Editor’s note: This commentary is by Vermont Lt. Gov. Molly Gray.
A year and a half after the onset of the pandemic, Vermont remains in the midst of ongoing recovery efforts. While there is so much uncertainty about the future, one thing we can be sure of is that our state is in a unique position to emerge from this pandemic stronger than ever.
Thanks to the hard work of our Congressional delegation, Vermont is set to receive $2.7 billion in federal aid through the American Rescue Plan as well as potential additional funds from the Build Back Better Agenda.
We have a responsibility to ensure these one-time funds result in lasting investments for our working families, communities, and future generations of Vermonters.
From the day I took office, my commitment has been to give Vermonters a seat at the table and a voice in the conversation. For that reason, my focus since the legislature adjourned in May has been the Recover Stronger Tour, where I spend time meeting directly with Vermonters impacted by the pandemic. Here are some of the top concerns shared with me over the past two months:
Like so many, I’ve been a renter all my adult life, and know first-hand how expensive it is. But the pandemic has made things worse. It’s no secret that Vermont is also facing a workforce shortage, and the two are clearly connected. Vermonters are struggling to live where they work and work where they live. The Lamoille Housing Partnership (LHP) shared that in August, they had just three available apartments in their nearly 300 unit portfolio. Only one of these units was subsidized, and LHP received 71 applications for this single unit. Overall, LHP’s waiting list runs 486 applicants deep. Meanwhile, Mark Frier, owner of several Stowe and Waterbury establishments, is one of many employers around the state who has spoken candidly with me about his struggle to find restaurant staff and cooks. The main issue? Housing is simply no longer available or affordable for working Vermonters in the Stowe area. In order to begin addressing this crisis, Vermont must commit to a state-wide housing audit to determine the scope of the issue.
While it’s always been a struggle for Vermont families to find and afford childcare, the pandemic has only exacerbated the crisis. In South Hero, I met with a woman named Molly, who had to leave a job that she loved because the cost of childcare for her three children was simply too much to afford during the pandemic. Molly is one of the 5 million American women who left the workforce this year in large part due to caregiving responsibilities. While up in St. Albans, I met with the incredible employees at Northwestern Counseling & Support Services (NCSS) who shared that in the 900 square miles served by NCSS, there were only 44 total openings for childcare; 17 of which were slots for infants and toddlers. Addressing this childcare crisis will require that we pay childcare providers what they deserve and provide loan forgiveness for those who choose a career in early education.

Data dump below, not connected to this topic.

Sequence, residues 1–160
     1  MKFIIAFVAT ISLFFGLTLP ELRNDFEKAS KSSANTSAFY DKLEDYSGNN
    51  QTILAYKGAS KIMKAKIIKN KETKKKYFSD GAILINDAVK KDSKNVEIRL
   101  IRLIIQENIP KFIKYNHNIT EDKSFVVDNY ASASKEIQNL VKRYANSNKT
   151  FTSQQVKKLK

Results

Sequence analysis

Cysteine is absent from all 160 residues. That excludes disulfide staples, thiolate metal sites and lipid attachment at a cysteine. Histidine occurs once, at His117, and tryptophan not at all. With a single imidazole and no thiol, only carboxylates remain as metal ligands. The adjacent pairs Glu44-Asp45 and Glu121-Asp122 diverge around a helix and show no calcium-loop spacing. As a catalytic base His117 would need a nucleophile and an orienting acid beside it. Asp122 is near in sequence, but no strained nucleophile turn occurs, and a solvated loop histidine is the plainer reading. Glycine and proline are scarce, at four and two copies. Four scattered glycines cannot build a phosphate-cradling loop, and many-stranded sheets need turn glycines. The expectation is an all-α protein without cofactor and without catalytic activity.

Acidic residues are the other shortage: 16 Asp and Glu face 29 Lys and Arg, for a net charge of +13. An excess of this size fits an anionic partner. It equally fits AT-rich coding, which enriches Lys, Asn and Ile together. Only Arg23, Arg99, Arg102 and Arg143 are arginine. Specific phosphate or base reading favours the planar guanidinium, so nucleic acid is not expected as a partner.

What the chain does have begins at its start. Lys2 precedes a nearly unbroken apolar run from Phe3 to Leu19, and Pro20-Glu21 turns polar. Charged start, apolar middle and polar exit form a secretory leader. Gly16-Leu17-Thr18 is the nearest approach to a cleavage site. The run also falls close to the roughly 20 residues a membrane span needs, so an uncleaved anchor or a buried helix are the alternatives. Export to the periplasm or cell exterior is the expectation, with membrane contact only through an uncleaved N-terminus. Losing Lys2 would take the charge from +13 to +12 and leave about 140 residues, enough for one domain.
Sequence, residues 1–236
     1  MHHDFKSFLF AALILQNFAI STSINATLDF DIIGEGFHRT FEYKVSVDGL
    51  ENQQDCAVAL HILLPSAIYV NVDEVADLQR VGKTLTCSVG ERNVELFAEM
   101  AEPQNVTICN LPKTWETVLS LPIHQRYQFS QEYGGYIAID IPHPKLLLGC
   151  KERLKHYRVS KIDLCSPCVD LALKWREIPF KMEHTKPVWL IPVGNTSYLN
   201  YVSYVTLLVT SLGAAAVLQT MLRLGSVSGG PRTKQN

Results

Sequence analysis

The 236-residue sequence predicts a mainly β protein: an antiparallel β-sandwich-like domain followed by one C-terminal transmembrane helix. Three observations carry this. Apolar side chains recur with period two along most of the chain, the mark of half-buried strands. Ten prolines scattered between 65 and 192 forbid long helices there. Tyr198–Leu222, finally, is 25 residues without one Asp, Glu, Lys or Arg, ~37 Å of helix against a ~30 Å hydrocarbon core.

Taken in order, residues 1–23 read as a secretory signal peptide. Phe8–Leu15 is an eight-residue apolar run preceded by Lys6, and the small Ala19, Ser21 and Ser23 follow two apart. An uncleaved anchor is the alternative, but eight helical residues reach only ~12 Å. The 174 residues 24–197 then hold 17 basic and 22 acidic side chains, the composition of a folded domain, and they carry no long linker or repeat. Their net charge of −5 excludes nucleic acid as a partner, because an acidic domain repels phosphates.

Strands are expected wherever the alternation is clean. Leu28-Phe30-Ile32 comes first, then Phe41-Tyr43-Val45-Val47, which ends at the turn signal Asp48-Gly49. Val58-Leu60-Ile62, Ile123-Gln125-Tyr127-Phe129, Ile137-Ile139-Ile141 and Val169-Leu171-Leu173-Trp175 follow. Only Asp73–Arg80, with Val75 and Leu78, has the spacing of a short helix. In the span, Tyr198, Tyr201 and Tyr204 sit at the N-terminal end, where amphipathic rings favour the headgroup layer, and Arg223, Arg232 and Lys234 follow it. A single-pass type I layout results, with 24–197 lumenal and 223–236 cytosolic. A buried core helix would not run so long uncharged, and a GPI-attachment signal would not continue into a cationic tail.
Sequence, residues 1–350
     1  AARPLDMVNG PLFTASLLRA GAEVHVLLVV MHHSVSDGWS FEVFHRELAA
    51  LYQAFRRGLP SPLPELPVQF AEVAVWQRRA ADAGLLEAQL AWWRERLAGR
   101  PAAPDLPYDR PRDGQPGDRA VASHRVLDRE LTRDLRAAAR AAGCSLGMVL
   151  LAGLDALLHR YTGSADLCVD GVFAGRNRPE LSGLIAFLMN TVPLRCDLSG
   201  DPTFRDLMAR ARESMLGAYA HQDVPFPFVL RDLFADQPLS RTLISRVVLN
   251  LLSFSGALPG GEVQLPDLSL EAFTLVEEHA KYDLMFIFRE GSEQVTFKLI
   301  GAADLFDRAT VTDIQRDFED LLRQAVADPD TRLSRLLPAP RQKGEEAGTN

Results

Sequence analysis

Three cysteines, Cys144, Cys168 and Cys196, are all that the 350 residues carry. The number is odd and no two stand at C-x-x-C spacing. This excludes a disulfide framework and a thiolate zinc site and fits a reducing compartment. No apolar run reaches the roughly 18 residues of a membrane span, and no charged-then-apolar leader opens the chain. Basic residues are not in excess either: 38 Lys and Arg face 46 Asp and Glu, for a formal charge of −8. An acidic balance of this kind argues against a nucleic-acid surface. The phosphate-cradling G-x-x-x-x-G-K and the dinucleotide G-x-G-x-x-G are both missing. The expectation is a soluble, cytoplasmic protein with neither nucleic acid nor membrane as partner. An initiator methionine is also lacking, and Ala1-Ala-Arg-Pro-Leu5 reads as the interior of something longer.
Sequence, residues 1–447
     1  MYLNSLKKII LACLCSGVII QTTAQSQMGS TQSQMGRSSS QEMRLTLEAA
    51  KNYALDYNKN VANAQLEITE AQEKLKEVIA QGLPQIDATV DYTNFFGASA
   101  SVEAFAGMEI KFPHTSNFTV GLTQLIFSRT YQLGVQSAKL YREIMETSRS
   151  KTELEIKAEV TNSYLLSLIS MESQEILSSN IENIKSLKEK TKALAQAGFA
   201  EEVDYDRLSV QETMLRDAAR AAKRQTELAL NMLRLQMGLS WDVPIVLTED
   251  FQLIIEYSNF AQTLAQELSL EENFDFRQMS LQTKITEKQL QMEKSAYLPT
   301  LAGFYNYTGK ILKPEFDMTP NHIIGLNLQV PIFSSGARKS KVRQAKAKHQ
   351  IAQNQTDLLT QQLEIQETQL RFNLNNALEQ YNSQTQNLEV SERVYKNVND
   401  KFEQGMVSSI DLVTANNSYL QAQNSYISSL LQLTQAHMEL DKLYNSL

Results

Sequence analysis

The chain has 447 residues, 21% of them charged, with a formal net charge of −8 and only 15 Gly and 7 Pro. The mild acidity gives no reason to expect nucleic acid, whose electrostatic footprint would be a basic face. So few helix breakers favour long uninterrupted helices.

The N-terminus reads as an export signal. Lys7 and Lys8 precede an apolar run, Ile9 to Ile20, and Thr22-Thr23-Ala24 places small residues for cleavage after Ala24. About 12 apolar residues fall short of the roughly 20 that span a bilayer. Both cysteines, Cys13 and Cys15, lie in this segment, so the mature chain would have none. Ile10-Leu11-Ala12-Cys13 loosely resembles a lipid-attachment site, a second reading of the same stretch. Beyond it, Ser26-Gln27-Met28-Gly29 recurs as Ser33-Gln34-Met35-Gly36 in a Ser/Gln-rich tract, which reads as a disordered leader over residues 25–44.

We know all too well that the pandemic has exacerbated the need for mental health and support services, but the demands on providers are reaching unimaginable levels. Clinicians I met with at the Howard Center, Health Care & Rehabilitation Services (HCRS), Spectrum Youth and Family Services, and at the Central Vermont Hospital, all spoke about the rapid rise in Vermonters, especially young people, in need of mental health and support services. Resources are stretched incredibly thin, while organizations with dwindling numbers of staff struggle to meet increasing caseloads. Staff were clear that in order to attract and retain workers, their organizations need sustained funding and a cost of living adjustment that’s included in state funding.
I cannot name a single community from Weston to West Danville where I have not heard how a lack of broadband access has directly impacted the daily lives of Vermonters. What has surprised me most, however, is the extent to which patients and providers alike have come to rely on telehealth to access and provide health care, including mental health and support services. When asked about the greatest barrier to care for clients at HCRS in Springfield, Warren Sergent, the Informations Systems Director was unequivocal, “broadband.” I heard the same from the leaders at Rutland Regional Medical Center who explained that while telehealth is not right for every patient, for every patient it must be a right. Closing the broadband gap must include permanent coverage for telehealth for Vermonters along with the tools and training necessary to access care.
Strategic investments in these areas are paramount. While daunting, these challenges are not insurmountable. We have before us a once-in-a-generation opportunity to do things differently.
My Recover Stronger Tour is far from over and will continue in communities throughout the fall. As I continue to assess the need and prepare recommendations for the Legislature, Governor, and Congressional delegation, I want to hear from you. To share your ideas, you can contact me directly via my official website or follow along at @LtGovGray.